Last month, a global anti-corruption and accountability watchdog group, Global Witness, calculated that the OPL 245 deal deprived Nigeria of double its annual education and healthcare budget.
Brent Crude Oil Approaches $70 Per Barrel on Friday
Nigerian Oil Approaches $70 Per Barrel Following OPEC+ Production Cuts Extension
Brent crude oil, against which Nigerian oil is priced, rose to $69 on Friday at 3:55 pm Nigerian time.
Oil price jumped after OPEC and allies, known as OPEC plus, agreed to role-over crude oil production cuts to further reduce global oil supplies and artificially sustain oil price in a move experts said could stoke inflationary pressure.
Brent crude oil rose from $63.86 per barrel on Wednesday to $69 per barrel on Friday as energy investors became more optimistic about the oil outlook.
While certain experts are worried that U.S crude oil production will eventually hurt OPEC strategy once the economy fully opens, few experts are saying production in the world’s largest economy won’t hit pre-pandemic highs.
According to Vicki Hollub, the CEO of Occidental, U.S oil production may not return to pre-pandemic levels given a shift in corporates’ value.
“I do believe that most companies have committed to value growth, rather than production growth,” she said during a CNBC Evolve conversation with Brian Sullivan. “And so I do believe that that’s going to be part of the reason that oil production in the United States does not get back to 13 million barrels a day.”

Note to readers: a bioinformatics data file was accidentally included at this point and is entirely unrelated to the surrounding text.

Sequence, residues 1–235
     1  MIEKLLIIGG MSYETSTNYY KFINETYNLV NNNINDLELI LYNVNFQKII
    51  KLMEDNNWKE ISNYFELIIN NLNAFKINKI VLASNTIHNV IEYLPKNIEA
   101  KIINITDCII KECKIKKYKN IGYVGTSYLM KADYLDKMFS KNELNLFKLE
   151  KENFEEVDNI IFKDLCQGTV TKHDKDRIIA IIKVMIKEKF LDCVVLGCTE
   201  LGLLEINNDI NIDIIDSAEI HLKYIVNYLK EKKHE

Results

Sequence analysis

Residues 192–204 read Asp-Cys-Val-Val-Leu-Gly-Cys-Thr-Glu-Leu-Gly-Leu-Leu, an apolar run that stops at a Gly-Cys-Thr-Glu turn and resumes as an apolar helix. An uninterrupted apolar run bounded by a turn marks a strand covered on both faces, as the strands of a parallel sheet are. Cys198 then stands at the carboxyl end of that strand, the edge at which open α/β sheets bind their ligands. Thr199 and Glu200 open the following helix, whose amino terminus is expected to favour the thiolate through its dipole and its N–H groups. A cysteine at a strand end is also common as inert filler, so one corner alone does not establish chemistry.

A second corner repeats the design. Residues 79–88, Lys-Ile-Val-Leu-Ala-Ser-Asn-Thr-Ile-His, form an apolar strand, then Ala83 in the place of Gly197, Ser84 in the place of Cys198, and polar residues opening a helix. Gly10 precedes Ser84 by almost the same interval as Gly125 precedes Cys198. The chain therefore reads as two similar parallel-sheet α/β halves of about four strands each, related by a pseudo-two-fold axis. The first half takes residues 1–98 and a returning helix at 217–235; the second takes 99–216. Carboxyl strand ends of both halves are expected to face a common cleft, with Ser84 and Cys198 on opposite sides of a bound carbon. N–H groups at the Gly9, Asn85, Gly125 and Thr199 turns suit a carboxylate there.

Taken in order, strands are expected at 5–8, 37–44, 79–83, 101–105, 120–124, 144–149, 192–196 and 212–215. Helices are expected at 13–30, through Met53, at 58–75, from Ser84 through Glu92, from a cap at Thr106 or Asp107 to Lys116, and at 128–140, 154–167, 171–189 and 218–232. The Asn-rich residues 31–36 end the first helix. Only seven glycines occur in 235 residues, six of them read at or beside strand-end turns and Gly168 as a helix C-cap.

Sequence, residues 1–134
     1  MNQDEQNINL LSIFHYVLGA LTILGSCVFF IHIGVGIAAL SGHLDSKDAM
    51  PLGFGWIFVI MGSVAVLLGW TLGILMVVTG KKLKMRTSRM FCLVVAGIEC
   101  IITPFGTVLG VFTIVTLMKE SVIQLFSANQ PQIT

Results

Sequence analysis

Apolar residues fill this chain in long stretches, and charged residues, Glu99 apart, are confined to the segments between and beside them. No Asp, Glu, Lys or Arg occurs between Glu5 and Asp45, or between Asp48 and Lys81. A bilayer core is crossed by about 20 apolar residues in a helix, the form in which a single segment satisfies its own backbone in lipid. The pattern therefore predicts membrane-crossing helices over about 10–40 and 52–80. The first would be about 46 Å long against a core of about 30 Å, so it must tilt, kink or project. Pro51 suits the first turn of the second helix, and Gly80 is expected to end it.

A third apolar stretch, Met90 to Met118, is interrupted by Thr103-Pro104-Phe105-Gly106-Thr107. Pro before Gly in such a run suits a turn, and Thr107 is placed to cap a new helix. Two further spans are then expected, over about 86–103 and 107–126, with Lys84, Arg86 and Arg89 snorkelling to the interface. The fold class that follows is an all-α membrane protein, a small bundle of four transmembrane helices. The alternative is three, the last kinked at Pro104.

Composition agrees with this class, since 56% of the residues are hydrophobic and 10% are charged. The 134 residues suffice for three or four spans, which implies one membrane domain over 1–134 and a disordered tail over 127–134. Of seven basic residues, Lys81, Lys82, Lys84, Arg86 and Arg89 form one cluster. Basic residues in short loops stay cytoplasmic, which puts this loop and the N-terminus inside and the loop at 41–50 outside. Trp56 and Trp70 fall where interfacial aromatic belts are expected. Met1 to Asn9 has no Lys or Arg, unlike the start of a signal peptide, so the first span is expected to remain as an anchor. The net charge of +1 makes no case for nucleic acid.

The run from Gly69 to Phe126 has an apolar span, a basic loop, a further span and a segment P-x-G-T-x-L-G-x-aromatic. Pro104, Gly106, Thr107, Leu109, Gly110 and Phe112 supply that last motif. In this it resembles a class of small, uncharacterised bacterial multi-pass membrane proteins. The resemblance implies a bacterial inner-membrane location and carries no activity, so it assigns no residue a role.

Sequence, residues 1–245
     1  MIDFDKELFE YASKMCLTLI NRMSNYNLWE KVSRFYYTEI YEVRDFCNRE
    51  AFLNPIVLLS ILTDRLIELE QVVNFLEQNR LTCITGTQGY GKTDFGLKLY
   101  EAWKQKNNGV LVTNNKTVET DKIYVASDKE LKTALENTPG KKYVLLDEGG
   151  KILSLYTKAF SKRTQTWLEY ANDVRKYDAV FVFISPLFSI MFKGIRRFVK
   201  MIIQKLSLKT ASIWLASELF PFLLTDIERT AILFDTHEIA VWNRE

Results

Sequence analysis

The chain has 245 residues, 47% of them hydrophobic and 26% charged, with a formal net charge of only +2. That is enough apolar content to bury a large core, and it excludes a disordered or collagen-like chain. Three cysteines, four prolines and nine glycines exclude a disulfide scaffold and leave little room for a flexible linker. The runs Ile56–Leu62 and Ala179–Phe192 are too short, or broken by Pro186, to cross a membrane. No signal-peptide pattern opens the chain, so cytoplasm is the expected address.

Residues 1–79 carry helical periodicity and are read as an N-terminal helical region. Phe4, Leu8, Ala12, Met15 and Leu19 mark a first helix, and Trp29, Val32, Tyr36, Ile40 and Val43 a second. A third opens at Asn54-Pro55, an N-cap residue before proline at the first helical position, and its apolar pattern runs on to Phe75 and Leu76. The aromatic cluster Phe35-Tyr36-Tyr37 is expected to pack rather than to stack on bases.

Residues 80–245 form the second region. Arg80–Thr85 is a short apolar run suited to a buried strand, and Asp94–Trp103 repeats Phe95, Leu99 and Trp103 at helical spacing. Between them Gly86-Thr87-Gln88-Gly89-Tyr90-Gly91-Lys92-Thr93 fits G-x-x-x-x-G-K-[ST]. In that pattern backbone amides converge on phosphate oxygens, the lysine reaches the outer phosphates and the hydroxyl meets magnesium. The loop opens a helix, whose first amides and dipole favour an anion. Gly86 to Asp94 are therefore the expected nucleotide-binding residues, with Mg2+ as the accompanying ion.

Hollub believes corporate organisations will focus on optimizing present operations and facilities, rather than seeking growth at all costs. She, however, noted that oil prices rebounded faster than expected, largely due to China, India and United States’ growing consumption.
“The recovery looks more V-shaped than we had originally thought it would be,” she said. Occidental previous projection had oil production recovering to pre-pandemic levels by the middle of 2022. The CEO Now believes demand will return by the end of this year or the first few months of 2022.
“I do believe we’re headed for a much healthier supply and demand environment” she said.
Oil Jumps to $67.70 as OPEC+ Extends Production Cuts
Oil Jumps to $67.70 as OPEC+ Extends Production Cuts
Brent crude oil, against which Nigerian oil is priced, rose to $67.70 per barrel on Thursday following the decision of OPEC and allies, known as OPEC+, to extend production cuts.
OPEC and allies are presently debating whether to restore as much as 1.5 million barrels per day of crude oil in April, according to people with the knowledge of the meeting.
Experts have said OPEC+ continuous production cuts could increase global inflationary pressure with the rising price of could oil. However, Saudi Energy Minister Prince Abdulaziz bin Salman said “I don’t think it will overheat.”
Last year “we suffered alone, we as OPEC+” and now “it’s about being vigilant and being careful,” he said.